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Leadership vacuum left behind by Bernardin


The question occurred to me while watching television coverage of Pope John Paul II last month wandering the stage at the converted airport hangar in St. Louis amid the secular and sacred dignitaries.

As the members of the hierarchy milled about, purple and red piping in abundance, I couldn’t help wondering who the leader of the American church is these days.

I know the immediate reaction from some: There is no “American church.” But there is, in the same way that the German church or the Chinese church or the French church all have their distinctive characteristics.

There is no formal title either, of course, but in most eras someone has held the unofficial designation of first among equals. In recent decades such figures as Cardinals John Dearden of Detroit, John Krol of Philadelphia and, most recently, Joseph Bernardin of Chicago easily wore the mantel, not by election (although all of them at some point served as president of the National Conference of Catholic Bishops) so much as by force of personality, vision and the authority they wielded rather naturally.

Bernardin is an apt measure of what is lacking in today’s church leadership. He was a high-profile bridge not only to the culture at large but also to Rome. It is why he was called upon by his colleagues, time and again, to help unlock conflicts and mediate seemingly intractable disputes.

Eugene Kennedy, in his book My Brother Joseph (St. Martin’s Press, 1997, $17.95) recounts one of the formative episodes in Bernardin’s career. He was quietly deputed by Rome to mediate the public showdown between Washington priests who dissented from Humanae Vitae, the encyclical upholding the ban on the use of artificial birth control, and Cardinal Patrick O’Boyle of Washington.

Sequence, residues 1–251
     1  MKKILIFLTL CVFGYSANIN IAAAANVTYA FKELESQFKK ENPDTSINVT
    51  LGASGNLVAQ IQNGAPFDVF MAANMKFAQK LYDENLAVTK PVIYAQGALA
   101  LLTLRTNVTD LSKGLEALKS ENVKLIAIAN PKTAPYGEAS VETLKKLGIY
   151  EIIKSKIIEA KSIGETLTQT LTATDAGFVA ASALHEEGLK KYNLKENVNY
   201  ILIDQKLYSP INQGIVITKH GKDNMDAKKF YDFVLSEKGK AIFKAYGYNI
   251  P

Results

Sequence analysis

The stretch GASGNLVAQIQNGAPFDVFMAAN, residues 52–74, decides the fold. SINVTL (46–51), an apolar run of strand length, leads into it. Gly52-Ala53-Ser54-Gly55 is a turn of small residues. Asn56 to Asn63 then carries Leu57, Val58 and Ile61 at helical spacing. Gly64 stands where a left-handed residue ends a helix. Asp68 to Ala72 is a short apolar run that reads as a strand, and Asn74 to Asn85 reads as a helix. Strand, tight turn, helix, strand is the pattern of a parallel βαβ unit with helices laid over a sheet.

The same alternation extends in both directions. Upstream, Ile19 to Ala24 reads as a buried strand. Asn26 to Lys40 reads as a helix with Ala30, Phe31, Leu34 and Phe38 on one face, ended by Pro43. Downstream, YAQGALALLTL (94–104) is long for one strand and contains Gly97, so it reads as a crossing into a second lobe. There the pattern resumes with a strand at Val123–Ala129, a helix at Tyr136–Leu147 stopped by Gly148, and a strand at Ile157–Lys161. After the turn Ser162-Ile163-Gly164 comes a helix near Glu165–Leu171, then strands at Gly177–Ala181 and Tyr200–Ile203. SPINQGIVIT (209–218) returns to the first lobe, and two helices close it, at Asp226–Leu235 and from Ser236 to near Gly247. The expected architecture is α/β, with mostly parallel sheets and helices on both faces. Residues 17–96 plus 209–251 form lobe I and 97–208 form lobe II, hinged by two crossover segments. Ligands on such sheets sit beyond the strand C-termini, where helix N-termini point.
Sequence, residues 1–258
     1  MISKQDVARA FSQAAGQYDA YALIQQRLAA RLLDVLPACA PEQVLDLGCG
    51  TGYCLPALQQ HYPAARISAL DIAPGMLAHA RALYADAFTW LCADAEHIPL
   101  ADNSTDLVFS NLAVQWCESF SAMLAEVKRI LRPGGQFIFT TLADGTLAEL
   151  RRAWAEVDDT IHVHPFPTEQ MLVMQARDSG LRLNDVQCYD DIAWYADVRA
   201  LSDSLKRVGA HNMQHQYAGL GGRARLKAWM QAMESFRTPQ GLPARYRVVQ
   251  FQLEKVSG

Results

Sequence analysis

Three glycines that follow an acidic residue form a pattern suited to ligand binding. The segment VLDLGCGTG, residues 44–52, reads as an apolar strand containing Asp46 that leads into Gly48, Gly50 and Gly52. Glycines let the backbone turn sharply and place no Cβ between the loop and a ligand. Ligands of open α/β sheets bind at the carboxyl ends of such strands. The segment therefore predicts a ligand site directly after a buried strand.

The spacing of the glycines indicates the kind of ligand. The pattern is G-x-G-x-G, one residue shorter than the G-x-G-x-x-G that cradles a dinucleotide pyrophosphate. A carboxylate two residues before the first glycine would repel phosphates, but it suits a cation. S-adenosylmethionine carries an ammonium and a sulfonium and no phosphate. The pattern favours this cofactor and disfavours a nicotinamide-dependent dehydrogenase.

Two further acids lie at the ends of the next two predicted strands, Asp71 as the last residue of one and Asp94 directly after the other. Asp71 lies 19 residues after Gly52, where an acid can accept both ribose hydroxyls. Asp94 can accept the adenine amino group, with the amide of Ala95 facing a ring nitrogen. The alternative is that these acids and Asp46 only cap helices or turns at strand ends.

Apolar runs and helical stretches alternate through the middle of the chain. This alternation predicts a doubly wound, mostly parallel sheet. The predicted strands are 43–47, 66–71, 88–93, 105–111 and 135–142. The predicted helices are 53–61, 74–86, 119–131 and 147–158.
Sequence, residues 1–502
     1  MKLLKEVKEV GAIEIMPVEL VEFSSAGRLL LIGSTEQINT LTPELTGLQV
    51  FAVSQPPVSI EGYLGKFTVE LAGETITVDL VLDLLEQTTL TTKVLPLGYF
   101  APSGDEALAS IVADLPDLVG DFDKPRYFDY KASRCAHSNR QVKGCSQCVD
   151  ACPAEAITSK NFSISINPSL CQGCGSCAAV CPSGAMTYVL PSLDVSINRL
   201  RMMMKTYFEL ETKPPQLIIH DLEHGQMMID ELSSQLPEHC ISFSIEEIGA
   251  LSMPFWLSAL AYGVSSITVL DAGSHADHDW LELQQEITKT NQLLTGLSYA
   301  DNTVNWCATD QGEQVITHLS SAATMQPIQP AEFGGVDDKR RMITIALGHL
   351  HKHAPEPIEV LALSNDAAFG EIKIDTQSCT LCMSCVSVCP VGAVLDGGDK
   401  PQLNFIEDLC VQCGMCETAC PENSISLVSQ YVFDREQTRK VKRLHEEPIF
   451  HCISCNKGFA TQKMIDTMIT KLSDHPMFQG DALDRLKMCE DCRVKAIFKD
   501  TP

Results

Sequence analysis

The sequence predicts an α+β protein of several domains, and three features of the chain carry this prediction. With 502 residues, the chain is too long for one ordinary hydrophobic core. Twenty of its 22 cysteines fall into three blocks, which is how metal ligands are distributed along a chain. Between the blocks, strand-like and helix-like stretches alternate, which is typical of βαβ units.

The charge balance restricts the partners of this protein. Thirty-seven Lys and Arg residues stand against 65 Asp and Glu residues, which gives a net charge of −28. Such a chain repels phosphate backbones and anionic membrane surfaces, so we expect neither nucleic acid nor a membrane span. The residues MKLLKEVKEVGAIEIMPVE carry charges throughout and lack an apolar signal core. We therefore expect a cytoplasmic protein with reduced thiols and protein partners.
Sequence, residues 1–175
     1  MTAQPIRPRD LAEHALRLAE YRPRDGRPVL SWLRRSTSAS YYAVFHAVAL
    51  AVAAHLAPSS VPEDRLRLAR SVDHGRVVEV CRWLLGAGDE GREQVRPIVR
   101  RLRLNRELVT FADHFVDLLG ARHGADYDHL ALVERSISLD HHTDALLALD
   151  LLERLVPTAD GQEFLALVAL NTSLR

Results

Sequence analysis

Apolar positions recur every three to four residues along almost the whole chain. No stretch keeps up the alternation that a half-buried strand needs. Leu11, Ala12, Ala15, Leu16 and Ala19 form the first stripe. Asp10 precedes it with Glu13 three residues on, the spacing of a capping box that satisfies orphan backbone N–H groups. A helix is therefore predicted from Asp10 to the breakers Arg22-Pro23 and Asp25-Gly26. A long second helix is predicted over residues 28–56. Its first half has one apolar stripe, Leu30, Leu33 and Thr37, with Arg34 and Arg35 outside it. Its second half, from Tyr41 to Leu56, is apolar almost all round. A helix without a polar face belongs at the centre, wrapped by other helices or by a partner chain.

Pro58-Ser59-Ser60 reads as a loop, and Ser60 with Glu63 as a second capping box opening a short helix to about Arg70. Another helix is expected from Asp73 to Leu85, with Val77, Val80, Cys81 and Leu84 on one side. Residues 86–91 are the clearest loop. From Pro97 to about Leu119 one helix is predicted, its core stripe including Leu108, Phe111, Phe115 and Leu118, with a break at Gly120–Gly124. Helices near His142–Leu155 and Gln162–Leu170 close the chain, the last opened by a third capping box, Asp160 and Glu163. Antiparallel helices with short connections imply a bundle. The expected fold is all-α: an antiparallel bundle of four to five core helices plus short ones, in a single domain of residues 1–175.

His effort failed, largely because Rome refused to make it publicly known that it had given the young then-Bishop Bernardin credentials to mediate the dispute.

Kennedy portrays a sad and rather lonely O’Boyle whose ultimate victory turned out to be rather hollow: “By the time Rome’s Sacred Congregation for the Clergy accepted one of the resolutions that Bernardin had long before proposed, most of the dissenters had already left the priesthood, bequeathing to O’Boyle a Shakespearean king’s victory, a triumph that cost the lives of some of his finest sons.”

The episode deeply affected Bernardin. “He felt inside himself the hurts of the banished priests and of the isolated cardinal.”

But the experience served him well later in his career. “It was,” Kennedy writes, “a full initiation into the sometime ways of great institutions, the dark secrets of their self-protective procedures, which do not take into account, in their long calendar of history, the pain suffered on any particular day. Joseph would serve the church but he would, if at all possible, use what Pope John XXIII termed ‘the medicine of mercy rather than of severity’ in settling future disputes.”

Kennedy’s little book seemed to get lost in the rush of Bernardin books published in the wake of the cardinal’s death in 1996. It is both a tender story of friendship and a fascinating peek behind the scenes at a high-level church leader who achieved an unusual degree of credibility in secular and sacred spheres.

What becomes clear in Kennedy’s account is Bernardin’s ability to maintain a fierce loyalty to Rome while also not abandoning the best of what it means to be a U.S. Catholic.

He did not see the two in opposition, though certainly there were tensions. While the prevailing instinct today seems to require avoiding such tensions, or burying them, Bernardin used them creatively to fashion solutions.

So one has to wonder how different would be the debates over inclusive language, the place of national conferences, Ex Corde Ecclesiae and other issues if someone of Bernardin’s talents were able to marshal consensus and bridge the gaps of understanding with Rome.

We are going through what Kennedy, in a different context, has called an intermission period in the church, a time of transition, and no one knows for certain what the future holds.

In the meantime, doses of the “medicine of severity” seem to be on the rise, with excommunications and investigations and condemnations increasingly the language of authority.

In such a time of uncertainty, the American church awaits its next Bernardin. Or perhaps, rather, the new Bernardin is out there quietly awaiting the next papacy.

Tom Roberts is NCR’s managing editor. His E-mail address is troberts@natcath.org

National Catholic Reporter, February 26, 1999